Speaking of the soft-landing narrative, Husain pulled no punches, “that is a fairytale in every sense of the word. It is a story that is built for convenience to help people sleep at night…an almost impossible outcome.”

According to Husain, in light of both inflation and the flood of new Treasury issuance needed to fund massive government deficit spending, “much higher bond yields are simply the solution. And those higher bond yields are coming at a time where I believe the global economy is finally starting to roll over.” The risk is that we’re pulling “the rug out from under growth. It’s sort of teetering, and then as soon as it starts, well, it really will go.” On timing, the T. Rowe Price bond authority said, “if I was to put my neck out, it’s months and quarters, not years.” In other words, for Husain we’re rapidly approaching a “Houston, we have a problem” moment.

The goldilocks narrative behind the stock market’s year-to-date gains is that inflation is coming down to target, the economy is strong, a soft-landing is in the bag, and central banks will soon be well positioned to lower rates again. In so doing, according to the narrative, the lower rates will save both the consumer and troubled corporates in line for refinancing. At the same time, the lower rates will greatly increase the wind in the sails of an economy that will boom into another multiyear growth cycle.

HAI is skeptical of this dreamlike set of expectations for inflation, the Fed, and the economy. Incidentally, so is JPMorgan Chase CEO Jamie Dimon, who, this week, told attendees at a New York finance conference that assuming a booming-economy narrative with a blue-sky runway for years is “making a huge mistake.”

In HAI’s view, the key and consequential developments of the moment are surging energy prices, inflation starting to move higher again, a Fed trapped in a “higher for longer” policy corner, higher bond yields at risk of an upside breakout, and emerging government debt and deficit doom-loop dynamics. All of these factors are threatening to dethrone the goldilocks environment we’ve seen so far in 2023, and potentially do so in rather disorderly fashion. Higher energy prices and persistent inflation leading to a higher-for-longer Fed policy stance—all while the consumer has one foot off the edge of the cliff and massive corporate re-financings loom—keeps the hard-landing risk for markets and economy alive and well, and front and center.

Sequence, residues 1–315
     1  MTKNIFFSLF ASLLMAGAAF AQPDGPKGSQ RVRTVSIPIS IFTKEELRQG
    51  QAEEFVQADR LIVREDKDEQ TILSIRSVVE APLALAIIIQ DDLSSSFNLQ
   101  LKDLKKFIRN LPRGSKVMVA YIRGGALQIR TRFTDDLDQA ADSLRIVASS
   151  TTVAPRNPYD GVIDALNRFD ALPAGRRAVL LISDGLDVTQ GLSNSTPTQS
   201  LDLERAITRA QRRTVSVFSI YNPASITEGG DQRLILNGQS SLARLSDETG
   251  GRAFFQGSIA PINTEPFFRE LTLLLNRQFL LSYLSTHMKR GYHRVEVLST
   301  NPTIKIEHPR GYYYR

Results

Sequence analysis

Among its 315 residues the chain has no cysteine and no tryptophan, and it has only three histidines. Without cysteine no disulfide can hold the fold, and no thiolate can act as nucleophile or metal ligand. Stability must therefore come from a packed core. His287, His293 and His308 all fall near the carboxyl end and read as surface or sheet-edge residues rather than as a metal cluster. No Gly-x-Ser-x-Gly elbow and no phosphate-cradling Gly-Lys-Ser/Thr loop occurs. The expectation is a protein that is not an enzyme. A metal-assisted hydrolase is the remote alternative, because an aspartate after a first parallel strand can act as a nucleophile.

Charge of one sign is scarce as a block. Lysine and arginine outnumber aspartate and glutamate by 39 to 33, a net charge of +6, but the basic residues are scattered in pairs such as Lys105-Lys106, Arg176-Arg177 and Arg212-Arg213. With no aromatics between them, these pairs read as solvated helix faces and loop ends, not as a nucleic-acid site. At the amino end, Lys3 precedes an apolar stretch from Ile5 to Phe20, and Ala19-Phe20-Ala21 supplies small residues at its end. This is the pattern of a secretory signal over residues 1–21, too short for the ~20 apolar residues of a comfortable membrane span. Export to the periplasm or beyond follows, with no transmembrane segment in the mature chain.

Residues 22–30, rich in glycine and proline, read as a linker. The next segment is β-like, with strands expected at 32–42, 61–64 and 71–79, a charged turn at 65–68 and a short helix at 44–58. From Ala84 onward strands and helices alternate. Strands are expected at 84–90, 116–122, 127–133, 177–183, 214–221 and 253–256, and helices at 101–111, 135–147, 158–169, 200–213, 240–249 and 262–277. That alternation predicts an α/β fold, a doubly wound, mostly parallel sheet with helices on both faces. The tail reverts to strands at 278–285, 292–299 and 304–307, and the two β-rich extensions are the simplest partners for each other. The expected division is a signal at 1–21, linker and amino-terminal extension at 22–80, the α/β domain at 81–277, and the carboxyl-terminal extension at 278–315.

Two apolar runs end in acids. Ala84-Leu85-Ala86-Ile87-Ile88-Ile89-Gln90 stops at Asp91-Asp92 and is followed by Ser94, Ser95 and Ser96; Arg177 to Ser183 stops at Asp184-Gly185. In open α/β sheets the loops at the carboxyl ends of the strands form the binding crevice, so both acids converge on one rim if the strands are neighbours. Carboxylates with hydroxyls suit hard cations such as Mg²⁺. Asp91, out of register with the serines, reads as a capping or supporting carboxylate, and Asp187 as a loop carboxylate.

The risks are real, the stakes and consequences are high, but all is not lost, and nothing is certain. Maybe we’ll catch a break and avoid the worst-case scenarios on energy prices, inflation, interest rates, and hard landings. Perhaps the government can manage to back out of and avoid a debt doom loop. If not, however, forewarned is forearmed. In HAI’s view, given the current set-up, under the widest swath of probable scenarios, precious metals along with other vital hard assets are the exposures most likely to benefit portfolios.

As legendary investor Ray Dalio explained this week, when debt becomes as big a share of the economy as it is now, and inflation is in play necessitating higher interest rates in response, the situation “tends to compound and accelerate” as deficit-busting interest payments also grow. Dalio added, “We’re seeing that dynamic happen now,” “We’re at that turning point of acceleration.” In HAI’s view, these unfolding dynamics and their “turning point of acceleration” will also mark and fuel an associated, mirrored turning point and acceleration higher toward a major breakout in the price of gold as financial insurance. For now, gold is poised just below all-time highs. At present, it appears the yellow metal is waiting patiently for the green light.

Weekly performance: The S&P 500 was slightly lower, off 0.16%. Gold was slightly higher, up 0.18%. Silver was up 0.95%, platinum gained 3.88%, and palladium was higher by 5.07%. The HUI gold miners index jumped 4.69%. The IFRA iShares US Infrastructure ETF was up 0.92%. Energy commodities were volatile and higher on the week. WTI crude oil gained 2.87%. Natural gas increased by 1.50%. The CRB Commodity Index added 1.81%. Copper was up 2.26%. The Dow Jones US Specialty Real Estate Investment Trust Index was up 0.52%, while the Vanguard Utilities ETF was up 2.62%. The dollar index was nearly flat, down 0.08% to close the week at 104.99. The yield on the 10-yr U.S. Treasury was up 7 bps to end the week at 4.33%.

Have a wonderful weekend!

Best Regards,

Morgan Lewis
Investment Strategist & Co-Portfolio Manager
MWM LLC